BACKGROUND OF THE DISCLOSURE

Microelectromechanical (MEMS) sensors typically measure acceleration in the direction of one, two or three predefined sensing axes. Measurement applications are not restricted to isolated environments, where the sensor would only experience the movement which is to be measured. Instead, the sensor may undergo a number of disturbing movements which should preferably not influence the measurement at all.

Acceleration sensors may for example be used in applications where they are exposed to high-frequency vibration caused by system resonances. A sensor will be sensitive to such disturbing vibrations if they fall within the frequency band which the sensor is designed to measure (the frequency of a singular acceleration event may in this context be interpreted as the inverse of its duration).

High-frequency acceleration measurements, where the sensor is very sensitive and has a fast response, may be disturbed by resonance vibrations in the sensor package or in the surrounding electronics. One way to minimize the influence of such resonances is to increase the stiffness of the resonating structure, which shifts the resonance to higher frequencies which may lie outside of the frequency range of the sensor. However, the resonance frequencies of electronic components tend to change during their lifetime, and the properties of every resonating element in the surroundings of a MEMS sensor cannot be adjusted to avoid the frequency range of the sensor.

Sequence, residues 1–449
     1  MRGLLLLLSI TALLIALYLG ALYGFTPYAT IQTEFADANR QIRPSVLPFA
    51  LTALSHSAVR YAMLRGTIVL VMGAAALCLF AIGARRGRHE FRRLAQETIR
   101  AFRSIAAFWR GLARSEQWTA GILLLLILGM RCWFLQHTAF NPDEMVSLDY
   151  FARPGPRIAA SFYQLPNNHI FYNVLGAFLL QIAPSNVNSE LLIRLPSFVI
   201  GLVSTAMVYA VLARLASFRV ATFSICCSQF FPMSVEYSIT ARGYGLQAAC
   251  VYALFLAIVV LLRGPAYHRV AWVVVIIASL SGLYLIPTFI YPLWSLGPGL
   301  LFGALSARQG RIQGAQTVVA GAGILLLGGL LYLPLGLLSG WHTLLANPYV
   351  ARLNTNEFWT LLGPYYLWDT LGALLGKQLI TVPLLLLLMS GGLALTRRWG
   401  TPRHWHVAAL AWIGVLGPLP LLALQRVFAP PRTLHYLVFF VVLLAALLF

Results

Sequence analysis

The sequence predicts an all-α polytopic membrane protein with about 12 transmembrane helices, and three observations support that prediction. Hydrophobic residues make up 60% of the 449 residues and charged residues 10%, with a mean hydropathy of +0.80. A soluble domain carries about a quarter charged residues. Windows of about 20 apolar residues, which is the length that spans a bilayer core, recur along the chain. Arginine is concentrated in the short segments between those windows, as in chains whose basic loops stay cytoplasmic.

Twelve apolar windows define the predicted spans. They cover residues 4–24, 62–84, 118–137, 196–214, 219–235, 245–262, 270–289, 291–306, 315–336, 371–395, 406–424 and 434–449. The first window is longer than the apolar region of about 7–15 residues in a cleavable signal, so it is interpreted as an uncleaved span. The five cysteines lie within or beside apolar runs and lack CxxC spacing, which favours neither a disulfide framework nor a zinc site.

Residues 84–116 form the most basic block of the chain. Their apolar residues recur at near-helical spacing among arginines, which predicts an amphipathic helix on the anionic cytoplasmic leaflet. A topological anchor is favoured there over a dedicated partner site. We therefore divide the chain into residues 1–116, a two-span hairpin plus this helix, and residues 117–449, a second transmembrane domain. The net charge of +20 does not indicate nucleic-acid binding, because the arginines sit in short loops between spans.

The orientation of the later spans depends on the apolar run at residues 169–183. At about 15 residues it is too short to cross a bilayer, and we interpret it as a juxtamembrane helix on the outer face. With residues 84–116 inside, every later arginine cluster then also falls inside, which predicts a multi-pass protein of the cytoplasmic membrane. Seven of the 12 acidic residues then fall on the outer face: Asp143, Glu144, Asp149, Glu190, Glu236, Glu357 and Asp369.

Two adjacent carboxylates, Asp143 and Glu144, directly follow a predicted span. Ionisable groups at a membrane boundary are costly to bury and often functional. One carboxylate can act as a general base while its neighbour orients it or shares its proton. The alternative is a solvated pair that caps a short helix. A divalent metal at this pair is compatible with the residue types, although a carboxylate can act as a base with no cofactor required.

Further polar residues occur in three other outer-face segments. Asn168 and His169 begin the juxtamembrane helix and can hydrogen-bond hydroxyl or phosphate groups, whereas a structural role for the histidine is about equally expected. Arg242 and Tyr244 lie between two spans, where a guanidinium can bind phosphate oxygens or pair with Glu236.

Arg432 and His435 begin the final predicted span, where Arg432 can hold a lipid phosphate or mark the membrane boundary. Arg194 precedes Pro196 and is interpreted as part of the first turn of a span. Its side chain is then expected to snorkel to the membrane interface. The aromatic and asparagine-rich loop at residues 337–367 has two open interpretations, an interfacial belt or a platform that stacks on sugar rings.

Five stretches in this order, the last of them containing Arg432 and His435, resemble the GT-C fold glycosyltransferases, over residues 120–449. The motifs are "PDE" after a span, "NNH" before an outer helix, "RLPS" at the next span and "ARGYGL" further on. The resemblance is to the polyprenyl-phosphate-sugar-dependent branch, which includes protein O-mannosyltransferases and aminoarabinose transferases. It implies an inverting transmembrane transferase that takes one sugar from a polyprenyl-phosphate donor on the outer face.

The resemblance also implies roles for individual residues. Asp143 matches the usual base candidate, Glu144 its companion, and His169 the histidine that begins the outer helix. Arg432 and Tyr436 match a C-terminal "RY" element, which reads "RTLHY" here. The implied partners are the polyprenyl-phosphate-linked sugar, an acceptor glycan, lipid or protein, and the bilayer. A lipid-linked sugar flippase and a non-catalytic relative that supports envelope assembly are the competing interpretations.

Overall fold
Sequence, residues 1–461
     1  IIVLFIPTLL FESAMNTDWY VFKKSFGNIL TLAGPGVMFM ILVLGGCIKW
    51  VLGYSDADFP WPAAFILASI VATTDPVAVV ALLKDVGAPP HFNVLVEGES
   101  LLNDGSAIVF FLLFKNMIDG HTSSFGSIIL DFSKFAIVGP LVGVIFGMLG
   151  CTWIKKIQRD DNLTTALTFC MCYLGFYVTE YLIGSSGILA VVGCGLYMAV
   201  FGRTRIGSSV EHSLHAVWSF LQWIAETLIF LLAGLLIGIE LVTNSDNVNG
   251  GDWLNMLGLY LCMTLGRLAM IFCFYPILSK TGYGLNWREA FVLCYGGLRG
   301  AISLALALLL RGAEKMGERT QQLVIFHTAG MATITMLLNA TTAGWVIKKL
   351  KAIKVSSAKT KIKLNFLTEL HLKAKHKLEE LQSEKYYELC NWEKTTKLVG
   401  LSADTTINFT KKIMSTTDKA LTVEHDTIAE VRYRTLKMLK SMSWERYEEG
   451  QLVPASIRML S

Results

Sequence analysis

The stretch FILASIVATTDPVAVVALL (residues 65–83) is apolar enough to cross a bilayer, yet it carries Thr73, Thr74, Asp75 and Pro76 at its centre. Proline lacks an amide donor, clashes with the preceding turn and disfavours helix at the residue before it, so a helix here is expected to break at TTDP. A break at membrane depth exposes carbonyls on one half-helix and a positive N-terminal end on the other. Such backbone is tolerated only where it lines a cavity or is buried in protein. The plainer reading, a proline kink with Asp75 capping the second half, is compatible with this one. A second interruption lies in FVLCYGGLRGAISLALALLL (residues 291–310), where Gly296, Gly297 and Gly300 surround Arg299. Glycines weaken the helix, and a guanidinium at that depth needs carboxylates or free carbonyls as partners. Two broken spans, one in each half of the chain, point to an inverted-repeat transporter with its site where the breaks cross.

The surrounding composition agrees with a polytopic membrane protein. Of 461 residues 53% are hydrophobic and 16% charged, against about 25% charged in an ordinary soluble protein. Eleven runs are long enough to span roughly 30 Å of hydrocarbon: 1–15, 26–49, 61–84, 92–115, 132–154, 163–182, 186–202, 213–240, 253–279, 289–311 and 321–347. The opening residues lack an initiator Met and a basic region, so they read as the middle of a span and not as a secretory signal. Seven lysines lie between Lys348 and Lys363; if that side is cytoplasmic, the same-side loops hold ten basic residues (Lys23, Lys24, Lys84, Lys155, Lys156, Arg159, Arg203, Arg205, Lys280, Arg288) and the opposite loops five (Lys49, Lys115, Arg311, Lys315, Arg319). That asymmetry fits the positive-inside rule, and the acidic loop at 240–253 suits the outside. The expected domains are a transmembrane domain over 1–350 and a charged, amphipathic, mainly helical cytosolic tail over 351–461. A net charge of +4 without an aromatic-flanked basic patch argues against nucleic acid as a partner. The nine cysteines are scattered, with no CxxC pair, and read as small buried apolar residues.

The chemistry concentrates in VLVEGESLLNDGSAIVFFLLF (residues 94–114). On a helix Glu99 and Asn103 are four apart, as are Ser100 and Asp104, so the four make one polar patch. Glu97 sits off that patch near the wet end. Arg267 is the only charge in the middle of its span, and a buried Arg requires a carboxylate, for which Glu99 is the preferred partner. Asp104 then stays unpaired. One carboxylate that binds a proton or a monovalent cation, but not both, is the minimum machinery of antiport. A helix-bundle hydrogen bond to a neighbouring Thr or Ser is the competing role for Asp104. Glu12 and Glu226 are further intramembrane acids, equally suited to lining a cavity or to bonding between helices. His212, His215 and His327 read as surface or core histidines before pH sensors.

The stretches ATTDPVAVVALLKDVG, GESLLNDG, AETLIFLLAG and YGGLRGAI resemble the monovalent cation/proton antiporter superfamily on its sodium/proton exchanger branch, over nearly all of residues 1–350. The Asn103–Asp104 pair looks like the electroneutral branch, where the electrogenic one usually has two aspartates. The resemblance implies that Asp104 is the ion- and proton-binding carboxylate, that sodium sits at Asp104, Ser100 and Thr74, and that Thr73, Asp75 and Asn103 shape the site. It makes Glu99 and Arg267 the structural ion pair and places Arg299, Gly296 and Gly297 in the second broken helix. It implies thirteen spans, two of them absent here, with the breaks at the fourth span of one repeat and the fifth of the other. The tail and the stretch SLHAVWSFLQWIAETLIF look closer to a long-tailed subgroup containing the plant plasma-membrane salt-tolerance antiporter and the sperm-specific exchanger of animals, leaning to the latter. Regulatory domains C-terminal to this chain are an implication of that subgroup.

Undesired vibratory motion may therefore also be reduced by tuning the frequency sensitivity of the sensor, so that it becomes less sensitive to disturbances. Electric damping or gas damping between different parts of the sensor can make the sensor behave like a low-pass filter with a desired cut-off frequency. The more damping is generated, the lower the cut-off frequency moves.